FW: If a company is accused of fraud and corruption by an MDB, how should it respond in trying to avoid repercussions such as cross-debarment, often cited as the most serious consequence for a multinational company?
Lorello: If a company is debarred by one MDB for a period longer than a year, then the presumption is that it will be cross-debarred by the other MDBs that are part of the cross-debarment arrangement. When faced with an accusation from an MDB of corruption or other sanctionable practices, the key is to, firstly, carefully investigate the facts, including to identify any mitigating factors that can be presented in a negotiation with the MDB, and secondly, ensure that any necessary compliance remediation is undertaken on a proactive basis. If it appears that a debarment is likely, it may be feasible to have the debarment restricted to particular affiliates and/or shortened in duration, for example through entering into a negotiated resolution with the MDB. As with the case of national enforcement, cooperation with the MDB in the sanctions process can have an important effect in reducing the scope of the sanction.
Kaushal: It always helps when a company comes clean, acknowledges its misconduct and cooperates. Real meaningful cooperation is a mitigating factor in the sanctions determination and can lead to a significant reduction in the sanction imposed. Cooperation saves the Bank from having to use its investigative resources on a particular case and also gives us confidence that the entity cooperating is keen to turn a corner and become a responsible development partner.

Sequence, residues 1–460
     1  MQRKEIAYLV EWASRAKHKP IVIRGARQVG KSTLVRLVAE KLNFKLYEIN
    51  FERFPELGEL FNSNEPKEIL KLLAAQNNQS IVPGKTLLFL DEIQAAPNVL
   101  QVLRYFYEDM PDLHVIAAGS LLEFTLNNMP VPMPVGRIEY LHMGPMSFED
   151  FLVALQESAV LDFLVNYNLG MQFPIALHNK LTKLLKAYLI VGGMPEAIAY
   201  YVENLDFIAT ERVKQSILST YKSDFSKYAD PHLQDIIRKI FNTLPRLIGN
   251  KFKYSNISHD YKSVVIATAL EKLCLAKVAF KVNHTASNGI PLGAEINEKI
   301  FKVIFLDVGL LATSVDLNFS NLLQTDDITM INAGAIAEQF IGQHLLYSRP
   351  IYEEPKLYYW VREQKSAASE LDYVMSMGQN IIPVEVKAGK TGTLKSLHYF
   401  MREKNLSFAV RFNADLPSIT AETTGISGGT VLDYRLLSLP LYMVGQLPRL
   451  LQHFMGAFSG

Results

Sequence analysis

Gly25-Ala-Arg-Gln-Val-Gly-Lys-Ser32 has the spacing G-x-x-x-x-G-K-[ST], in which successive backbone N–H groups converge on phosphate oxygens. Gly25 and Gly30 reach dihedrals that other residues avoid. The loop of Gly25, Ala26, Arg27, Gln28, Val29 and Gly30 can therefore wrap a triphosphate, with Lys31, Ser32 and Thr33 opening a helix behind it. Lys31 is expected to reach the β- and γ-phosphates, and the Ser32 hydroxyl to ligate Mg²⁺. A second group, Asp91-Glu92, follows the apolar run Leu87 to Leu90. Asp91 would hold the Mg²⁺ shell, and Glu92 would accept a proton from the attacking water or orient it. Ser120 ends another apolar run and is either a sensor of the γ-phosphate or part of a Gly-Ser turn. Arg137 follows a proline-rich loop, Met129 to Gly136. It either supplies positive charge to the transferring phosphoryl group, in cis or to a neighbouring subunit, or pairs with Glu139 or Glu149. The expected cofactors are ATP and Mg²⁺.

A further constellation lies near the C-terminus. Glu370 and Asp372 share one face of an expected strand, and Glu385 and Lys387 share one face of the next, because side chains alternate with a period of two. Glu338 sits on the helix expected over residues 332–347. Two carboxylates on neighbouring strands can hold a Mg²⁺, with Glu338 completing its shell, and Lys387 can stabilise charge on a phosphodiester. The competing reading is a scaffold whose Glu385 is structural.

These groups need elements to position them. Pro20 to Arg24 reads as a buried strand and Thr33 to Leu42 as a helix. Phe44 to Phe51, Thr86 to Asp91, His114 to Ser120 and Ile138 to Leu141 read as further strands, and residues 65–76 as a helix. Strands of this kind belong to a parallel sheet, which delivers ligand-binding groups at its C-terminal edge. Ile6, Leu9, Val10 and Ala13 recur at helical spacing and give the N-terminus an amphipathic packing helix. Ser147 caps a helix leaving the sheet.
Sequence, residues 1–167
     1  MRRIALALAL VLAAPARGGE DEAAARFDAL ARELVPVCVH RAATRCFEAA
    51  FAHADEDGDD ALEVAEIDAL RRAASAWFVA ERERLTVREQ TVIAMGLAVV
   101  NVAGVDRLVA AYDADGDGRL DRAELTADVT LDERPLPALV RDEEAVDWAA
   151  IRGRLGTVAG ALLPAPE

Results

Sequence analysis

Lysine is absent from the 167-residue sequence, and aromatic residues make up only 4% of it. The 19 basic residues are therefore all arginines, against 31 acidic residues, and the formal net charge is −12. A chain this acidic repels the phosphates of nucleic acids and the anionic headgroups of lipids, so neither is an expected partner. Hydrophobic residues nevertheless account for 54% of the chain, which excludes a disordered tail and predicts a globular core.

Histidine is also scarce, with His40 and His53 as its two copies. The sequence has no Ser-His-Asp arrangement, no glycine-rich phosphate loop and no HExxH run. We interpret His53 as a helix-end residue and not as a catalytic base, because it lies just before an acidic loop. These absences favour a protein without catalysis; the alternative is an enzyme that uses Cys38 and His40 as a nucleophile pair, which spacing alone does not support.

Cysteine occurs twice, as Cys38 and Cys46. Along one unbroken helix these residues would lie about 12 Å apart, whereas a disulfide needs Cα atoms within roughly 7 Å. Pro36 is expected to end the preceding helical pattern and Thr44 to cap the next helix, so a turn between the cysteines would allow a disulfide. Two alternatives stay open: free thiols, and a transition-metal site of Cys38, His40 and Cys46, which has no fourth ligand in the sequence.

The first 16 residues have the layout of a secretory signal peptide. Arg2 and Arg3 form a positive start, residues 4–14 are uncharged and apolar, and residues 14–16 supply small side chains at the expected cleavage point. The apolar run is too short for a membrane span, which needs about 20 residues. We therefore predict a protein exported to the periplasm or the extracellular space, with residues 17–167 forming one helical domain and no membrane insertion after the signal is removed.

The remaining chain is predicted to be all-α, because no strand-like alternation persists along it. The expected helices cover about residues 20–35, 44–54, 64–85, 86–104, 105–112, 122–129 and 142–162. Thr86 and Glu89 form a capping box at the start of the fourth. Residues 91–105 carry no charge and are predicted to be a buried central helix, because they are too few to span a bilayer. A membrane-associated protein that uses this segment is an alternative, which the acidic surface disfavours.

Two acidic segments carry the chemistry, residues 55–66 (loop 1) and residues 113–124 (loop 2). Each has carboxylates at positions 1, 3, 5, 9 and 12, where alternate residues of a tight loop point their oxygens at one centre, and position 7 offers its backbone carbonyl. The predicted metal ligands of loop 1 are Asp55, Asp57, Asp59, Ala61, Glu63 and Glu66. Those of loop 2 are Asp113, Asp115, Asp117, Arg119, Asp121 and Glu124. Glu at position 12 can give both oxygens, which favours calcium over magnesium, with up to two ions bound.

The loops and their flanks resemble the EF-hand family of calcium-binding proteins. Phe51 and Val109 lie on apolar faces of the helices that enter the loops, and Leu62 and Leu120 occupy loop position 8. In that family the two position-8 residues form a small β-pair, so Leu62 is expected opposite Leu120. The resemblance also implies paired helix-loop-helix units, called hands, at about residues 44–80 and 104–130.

Debevoise: Ultimately, the best course of action depends on the nature of the accusation, the MDB involved, and the terms of the underlying loan agreement. In a typical World Bank enforcement action, if the investigation process is far enough along that the Voluntary Disclosure Program (VDP) is no longer viable, then a company is usually best served by working cooperatively with investigators to either eliminate the Bank’s concerns or enter into a settlement agreement. Only the Bank’s investigators have the discretion to enter into these settlement agreements. Once sufficient evidence of sanctionable conduct is submitted to the OSD, a company will almost certainly be temporarily suspended and receive a recommended sanction of three year debarment with conditional release. If that happens, the company should utilise due process protections provided by OSD and the Sanctions Board to either have the sanction removed entirely or, at a minimum, reduce the sanction to less than a one-year debarment, which is the threshold for triggering cross-debarment.